So it has been just over a month since I left Canada and I’ve spent three weeks of that time days in my new home, Melbourne. When I left Sydney it was sunny and hot. I was wearing a light shirt and leggings. However, when I arrived in Melbourne it was rainy and windy. I’m not going to lie, I was not impressed. Lol! Wasn’t I in Australia?! It’s suppose to be hot all the time! I have to accept the fact that Melbourne has four seasons and I just happen to be catching the end of spring. I can’t wait for the summer heat! There are days when it gets to 40 degrees. I welcome that kind of heat but most people here tell me I’ll be eating my words. We’ll see…
So this is Melbourne!
Right now I live in an area called Collingwood.
It is one of the more trendy areas with a lot of cafés, pubs, restaurants and boutique stores. Plus I’m really close to the CBD (central business district) or what Canadians would call downtown. It’s an ideal location but this is only temporary. My friend Mitch and his partner have been so generous to let me stay with them while I find a new home. It has been fantastic living here and I have the opportunity to really explore the city and pick an area where I’d like to live. So what have I been doing since I arrived? Well I’ve been trying to keep as busy as possible. I’ve spent a lot of my free time just walking and wandering. I’ll walk until I’m hungry and then find a place to eat. Then I’ll keep walking until I’m thirsty and grab a hot chocolate or frozen yoghurt. Yum yum yum! It’s been a great way to see the city. I’ve been fortunate already to have two beach days in St. Kilda. It’s so lovely down there! There was a trial membership with a local gym so I signed up for that and I’ve been going a few times a week. It’s a way to ensure I don’t show all the treats I’ve been eating.
So what are the top things I’ve noticed about Melbourne that are different?
1. Where I live is an abundance of wall art or in most cases graffiti. A lot of it doesn’t really look like anything but there are some awesome pieces here and there. Melbourne is known to be more “cultured” than most places in Australia so that’s one way to show it.
2. I’m still adjusting to the fact that Australian’s drive on the left side of the road. I still look right to cross and I’ve almost been hit a few times. I’m sure I’ll start driving soon but for now I’m relying on the busses, trams and trains. The transportation system is much better here than in Calgary or Edmonton (IMO) which makes it easy to get around.
3. Food is noticeably more expensive. I’m not exaggerating. Fruits, veggies, meat… all my money has gone to food. Eating out at a restaurant is even worse. You can find nights that have specials of course but I went out for a traditional Australian dish, chicken parma, and that plus a cider was $36. Yup. It wasn’t even a fancy restaurant. That may have been a tad on the expensive side but for a dinner I would eat at Joey’s for example I would pay about $27-$30 with a non-alcoholic drink.
4. There are certain words and phrases that seem odd to me. For example, instead of saying “how’s it going?” or “How are you doing?” Australians will say “How you going?”. Of course there is the common phrase we are all familiar with “G’day mate” and they also say “reckon” a lot. Most North Americans would say “think” instead.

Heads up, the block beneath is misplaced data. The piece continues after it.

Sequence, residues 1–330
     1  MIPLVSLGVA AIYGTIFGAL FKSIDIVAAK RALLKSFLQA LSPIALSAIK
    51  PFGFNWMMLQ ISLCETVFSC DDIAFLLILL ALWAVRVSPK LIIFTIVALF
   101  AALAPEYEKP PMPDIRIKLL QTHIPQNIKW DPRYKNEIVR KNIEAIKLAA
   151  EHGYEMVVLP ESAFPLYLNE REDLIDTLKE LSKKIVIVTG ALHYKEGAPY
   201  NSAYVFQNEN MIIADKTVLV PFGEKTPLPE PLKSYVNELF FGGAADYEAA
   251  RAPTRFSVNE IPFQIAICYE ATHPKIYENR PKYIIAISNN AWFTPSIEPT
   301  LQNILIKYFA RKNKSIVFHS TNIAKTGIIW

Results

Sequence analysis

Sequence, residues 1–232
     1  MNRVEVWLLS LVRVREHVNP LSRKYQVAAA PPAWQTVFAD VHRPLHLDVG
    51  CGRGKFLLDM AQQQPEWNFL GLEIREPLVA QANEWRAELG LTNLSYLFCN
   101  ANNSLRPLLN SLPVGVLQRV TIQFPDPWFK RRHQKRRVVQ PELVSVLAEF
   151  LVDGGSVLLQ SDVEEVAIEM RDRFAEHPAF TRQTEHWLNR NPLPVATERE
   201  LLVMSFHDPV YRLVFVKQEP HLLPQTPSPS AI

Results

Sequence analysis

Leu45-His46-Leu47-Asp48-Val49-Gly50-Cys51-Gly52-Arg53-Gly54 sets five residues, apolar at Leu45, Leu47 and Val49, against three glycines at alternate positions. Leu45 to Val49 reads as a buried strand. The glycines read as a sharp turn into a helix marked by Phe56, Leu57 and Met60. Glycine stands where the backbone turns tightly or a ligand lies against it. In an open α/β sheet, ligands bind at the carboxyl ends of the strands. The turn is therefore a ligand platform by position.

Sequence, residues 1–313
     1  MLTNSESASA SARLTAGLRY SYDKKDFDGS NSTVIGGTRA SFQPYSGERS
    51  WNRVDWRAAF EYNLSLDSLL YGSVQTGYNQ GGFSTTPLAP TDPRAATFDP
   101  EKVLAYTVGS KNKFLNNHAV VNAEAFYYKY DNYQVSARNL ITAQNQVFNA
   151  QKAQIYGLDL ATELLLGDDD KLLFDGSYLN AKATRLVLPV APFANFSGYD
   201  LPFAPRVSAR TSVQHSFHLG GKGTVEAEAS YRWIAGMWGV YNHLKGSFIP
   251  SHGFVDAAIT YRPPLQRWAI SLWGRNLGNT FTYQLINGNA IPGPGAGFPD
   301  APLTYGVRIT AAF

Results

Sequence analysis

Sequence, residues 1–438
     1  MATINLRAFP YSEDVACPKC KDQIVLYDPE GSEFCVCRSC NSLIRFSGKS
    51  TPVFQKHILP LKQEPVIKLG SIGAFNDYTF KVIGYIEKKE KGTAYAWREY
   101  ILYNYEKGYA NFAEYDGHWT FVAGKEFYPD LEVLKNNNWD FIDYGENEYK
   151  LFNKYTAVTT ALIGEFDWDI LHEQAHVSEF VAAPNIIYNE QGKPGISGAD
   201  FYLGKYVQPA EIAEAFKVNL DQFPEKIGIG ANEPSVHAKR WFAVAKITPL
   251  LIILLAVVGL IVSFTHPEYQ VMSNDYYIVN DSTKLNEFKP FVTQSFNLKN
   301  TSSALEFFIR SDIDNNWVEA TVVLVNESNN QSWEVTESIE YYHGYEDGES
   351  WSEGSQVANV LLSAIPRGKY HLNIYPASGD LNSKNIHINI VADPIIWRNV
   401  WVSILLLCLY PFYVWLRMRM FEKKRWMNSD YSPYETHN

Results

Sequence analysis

5. There are kangaroo street fights.
I couldn’t stop smiling. This isn’t common but this happened in New South Wales a few days ago. I wonder if there has ever been a beaver brawl in Canada? 😀
Overall, it still feels like Canada. Some days I’ll wake up some days and think I’m in Calgary. The weight of this decision is slowing becoming a reality to me. Moving to me didn’t seem like a big deal. First, because God told me to go and second, I had already moved from Edmonton to Calgary. In my mind, moving to Australia was the same thing. The more time I spend here I can’t believe I did it. I definitely have moments where I sit and think to myself, ‘what the heck did you do?’ and not having a job yet or a permanent place to live can get discouraging.
Two weeks ago the sermon at the church I attended was on transition (which couldn’t have come at a better time). The pastor had talked about the recent loss of her home during the wildfires earlier this year. Her home was burned to the ground. Not a single thing remained. So she spoke about that time being in transition to rebuilding her family’s life again. She had this definition for transition:
You aren’t where you used to be, you aren’t where you want to be. But you are where you are and generally you don’t want to be there.
I couldn’t have said it better myself. I’m not living in Calgary anymore where I was comfortable. I don’t have a life here in Melbourne yet with a job, my own place to live and a friend circle. I’m in this weird place where I’m just here. Waiting. Waiting for companies to call me back, looking at flat after flat finding nothing that fits my needs or my budget, not having friends to go hang out with for a coffee or go to dinner with. I’m just alone. I think one of the reasons it’s so easy to get caught up in circumstances and throw a pity party is we often mistake the transition for the destination. Where I am now isn’t how life is going to be forever. My story isn’t done yet and God’s intention is that we would be stuck transition. I may not have control over my circumstances but I do have control in how I respond to them.
As a Christian, I believe that nothing in life is by chance. God is working behind the scenes 24/7. I may not understand what is going on and how this will all work out but what I do know is that my God is a good God who loves his kids more than anything and wants to bless me in ways beyond material possessions. So I hold on to His promises. Promises that will never change because God never changes.